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Historical place
Location type: Historical place
Location address: United Kingdom, Westminster
Number of texts: 1
5 stars
Made by | Reference Kaihsu | © CC 3.0
Made by | Reference | © CC 3.0

The Woolsack is the seat of the Lord Speaker in the House of Lords, the Upper House of the Parliament of the United Kingdom. In the 14th century King Edward III (1327-1377) commanded that his Lord Chancellor whilst in council should sit on a wool bale, now known as “The Woolsack”, in order to symbolise the central nature and huge importance of the wool trade to the economy of England in the Middle Ages. Indeed, it was largely to protect the vital English wool trade routes with continental Europe that the Battle of Crécy was fought with the French in 1346. From the Middle Ages until 2006, the presiding officer in the House of Lords was the Lord Chancellor and the Woolsack was usually mentioned in association with the office of Lord Chancellor. In July 2006, the function of Lord Speaker was split from that of Lord Chancellor.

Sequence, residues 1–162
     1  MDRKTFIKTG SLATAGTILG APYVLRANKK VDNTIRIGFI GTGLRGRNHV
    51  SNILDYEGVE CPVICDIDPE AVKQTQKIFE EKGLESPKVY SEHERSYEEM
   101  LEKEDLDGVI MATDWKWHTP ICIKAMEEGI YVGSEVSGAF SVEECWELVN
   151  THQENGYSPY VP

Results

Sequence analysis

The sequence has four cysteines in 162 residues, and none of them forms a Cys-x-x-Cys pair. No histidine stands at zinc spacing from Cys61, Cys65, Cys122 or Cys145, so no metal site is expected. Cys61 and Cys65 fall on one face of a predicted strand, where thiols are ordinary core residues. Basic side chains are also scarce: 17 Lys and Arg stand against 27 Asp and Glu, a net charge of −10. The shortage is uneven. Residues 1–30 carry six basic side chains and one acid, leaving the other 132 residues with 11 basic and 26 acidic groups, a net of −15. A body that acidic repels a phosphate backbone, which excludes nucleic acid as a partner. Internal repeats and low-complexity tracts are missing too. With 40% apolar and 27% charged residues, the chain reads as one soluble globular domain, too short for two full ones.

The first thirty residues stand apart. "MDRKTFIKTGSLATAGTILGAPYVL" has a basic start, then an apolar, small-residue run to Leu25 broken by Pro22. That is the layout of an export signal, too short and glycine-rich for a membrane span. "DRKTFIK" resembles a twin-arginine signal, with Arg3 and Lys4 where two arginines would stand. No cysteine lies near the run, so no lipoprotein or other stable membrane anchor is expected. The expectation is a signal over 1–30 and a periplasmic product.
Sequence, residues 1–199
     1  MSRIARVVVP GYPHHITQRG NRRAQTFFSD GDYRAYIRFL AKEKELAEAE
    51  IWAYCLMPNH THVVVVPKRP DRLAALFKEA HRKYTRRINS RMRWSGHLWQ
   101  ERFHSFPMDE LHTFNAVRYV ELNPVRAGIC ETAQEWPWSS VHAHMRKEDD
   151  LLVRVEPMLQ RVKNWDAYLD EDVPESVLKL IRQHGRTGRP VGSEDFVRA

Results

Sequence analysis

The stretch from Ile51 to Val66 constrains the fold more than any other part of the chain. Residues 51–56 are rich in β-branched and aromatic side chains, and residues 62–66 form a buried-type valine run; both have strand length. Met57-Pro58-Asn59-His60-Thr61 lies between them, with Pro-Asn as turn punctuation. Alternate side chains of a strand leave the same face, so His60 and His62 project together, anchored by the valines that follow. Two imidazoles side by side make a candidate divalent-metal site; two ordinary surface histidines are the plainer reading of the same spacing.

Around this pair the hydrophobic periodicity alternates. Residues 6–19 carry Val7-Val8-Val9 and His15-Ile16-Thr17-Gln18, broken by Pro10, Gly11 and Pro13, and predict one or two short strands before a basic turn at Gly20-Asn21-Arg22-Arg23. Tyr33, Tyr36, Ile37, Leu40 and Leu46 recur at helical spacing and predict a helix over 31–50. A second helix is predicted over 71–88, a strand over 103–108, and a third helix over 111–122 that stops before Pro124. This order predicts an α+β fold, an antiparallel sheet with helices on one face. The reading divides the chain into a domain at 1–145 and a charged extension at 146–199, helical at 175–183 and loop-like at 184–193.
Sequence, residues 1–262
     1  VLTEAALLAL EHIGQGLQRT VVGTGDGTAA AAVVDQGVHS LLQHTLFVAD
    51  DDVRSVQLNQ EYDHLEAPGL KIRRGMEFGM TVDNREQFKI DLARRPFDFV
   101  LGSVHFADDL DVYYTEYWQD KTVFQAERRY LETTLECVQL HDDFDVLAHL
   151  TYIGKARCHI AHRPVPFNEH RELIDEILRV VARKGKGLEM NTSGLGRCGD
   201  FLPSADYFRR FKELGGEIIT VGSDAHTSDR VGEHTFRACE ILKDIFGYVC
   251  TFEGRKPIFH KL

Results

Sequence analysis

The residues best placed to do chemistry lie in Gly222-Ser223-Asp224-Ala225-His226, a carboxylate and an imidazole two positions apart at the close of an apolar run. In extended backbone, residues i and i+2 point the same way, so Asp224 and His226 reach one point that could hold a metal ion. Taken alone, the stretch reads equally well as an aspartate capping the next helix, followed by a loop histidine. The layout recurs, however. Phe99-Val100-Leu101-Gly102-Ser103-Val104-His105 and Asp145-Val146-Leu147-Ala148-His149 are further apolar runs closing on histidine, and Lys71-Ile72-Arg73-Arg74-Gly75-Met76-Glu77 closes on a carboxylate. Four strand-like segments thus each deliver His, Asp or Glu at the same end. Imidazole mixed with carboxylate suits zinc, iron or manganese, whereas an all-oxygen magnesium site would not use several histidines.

Linked characteristics: Did you know..., Peculiar
Linked themes: History

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